(A preview/snippet from my book “Out on Good Behavior: Teaching math while looking over your shoulder”)
Some say summative assessments can be used formatively, by using the results to guide approaches in subsequent courses. The overlapping nature of how these definitions have evolved give me much cover in my quest to appear aligned with the edu-party line. During my first year at Cypress, I allowed my classes to use notes for quizzes, but not tests. I felt that this would reinforce the idea of the value of notes. The problem was that some students’ organizational skills were lacking—resulting in this typical conversation:
Student: How do you do this problem?
Me: Look in your notes.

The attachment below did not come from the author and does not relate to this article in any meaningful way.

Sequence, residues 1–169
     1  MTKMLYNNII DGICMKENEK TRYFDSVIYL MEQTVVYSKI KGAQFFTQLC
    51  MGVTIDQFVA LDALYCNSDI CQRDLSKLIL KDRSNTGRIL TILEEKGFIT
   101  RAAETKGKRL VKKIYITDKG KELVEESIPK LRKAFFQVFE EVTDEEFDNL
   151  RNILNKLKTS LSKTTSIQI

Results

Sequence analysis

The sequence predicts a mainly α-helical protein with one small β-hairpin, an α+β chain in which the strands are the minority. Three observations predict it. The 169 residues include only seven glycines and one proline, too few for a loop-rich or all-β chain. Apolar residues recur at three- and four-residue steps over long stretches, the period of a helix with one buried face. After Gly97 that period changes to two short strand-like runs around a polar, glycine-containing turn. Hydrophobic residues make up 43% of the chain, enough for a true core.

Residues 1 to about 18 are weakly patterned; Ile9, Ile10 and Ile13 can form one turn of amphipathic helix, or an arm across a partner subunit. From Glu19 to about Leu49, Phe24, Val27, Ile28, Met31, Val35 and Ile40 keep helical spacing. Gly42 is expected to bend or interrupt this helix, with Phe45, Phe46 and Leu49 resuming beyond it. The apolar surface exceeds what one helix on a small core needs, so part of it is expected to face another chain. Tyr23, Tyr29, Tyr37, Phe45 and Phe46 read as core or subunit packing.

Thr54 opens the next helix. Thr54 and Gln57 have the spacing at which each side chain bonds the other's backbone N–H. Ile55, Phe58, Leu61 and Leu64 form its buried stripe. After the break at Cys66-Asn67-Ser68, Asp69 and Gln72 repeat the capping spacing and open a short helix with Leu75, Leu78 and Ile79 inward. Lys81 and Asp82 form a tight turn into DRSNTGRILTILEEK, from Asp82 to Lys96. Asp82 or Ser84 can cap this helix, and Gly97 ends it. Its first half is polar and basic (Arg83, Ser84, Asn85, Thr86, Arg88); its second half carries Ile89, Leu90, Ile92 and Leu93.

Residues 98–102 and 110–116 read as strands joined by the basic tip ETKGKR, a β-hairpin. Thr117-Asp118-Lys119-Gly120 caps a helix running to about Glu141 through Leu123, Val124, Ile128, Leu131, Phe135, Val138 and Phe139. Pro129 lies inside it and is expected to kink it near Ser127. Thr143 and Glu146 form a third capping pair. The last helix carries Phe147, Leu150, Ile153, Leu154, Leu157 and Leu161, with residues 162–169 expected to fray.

Student: I can’t find it.
Me: (Drawing a diagram on a mini-white board.) How would you find the time each of the cars are driving?
Student: I don’t know.
Me: (Writing “Distance = Rate x Time” underneath the diagram)
I knew that there was a potential that such approach could quickly blossom into grade inflation and an artificial sense of achievement. So I justified my giving them help by telling myself “Well, I guess this is a formative assessment and I’m using the results to guide future instruction.” But I knew there were limits.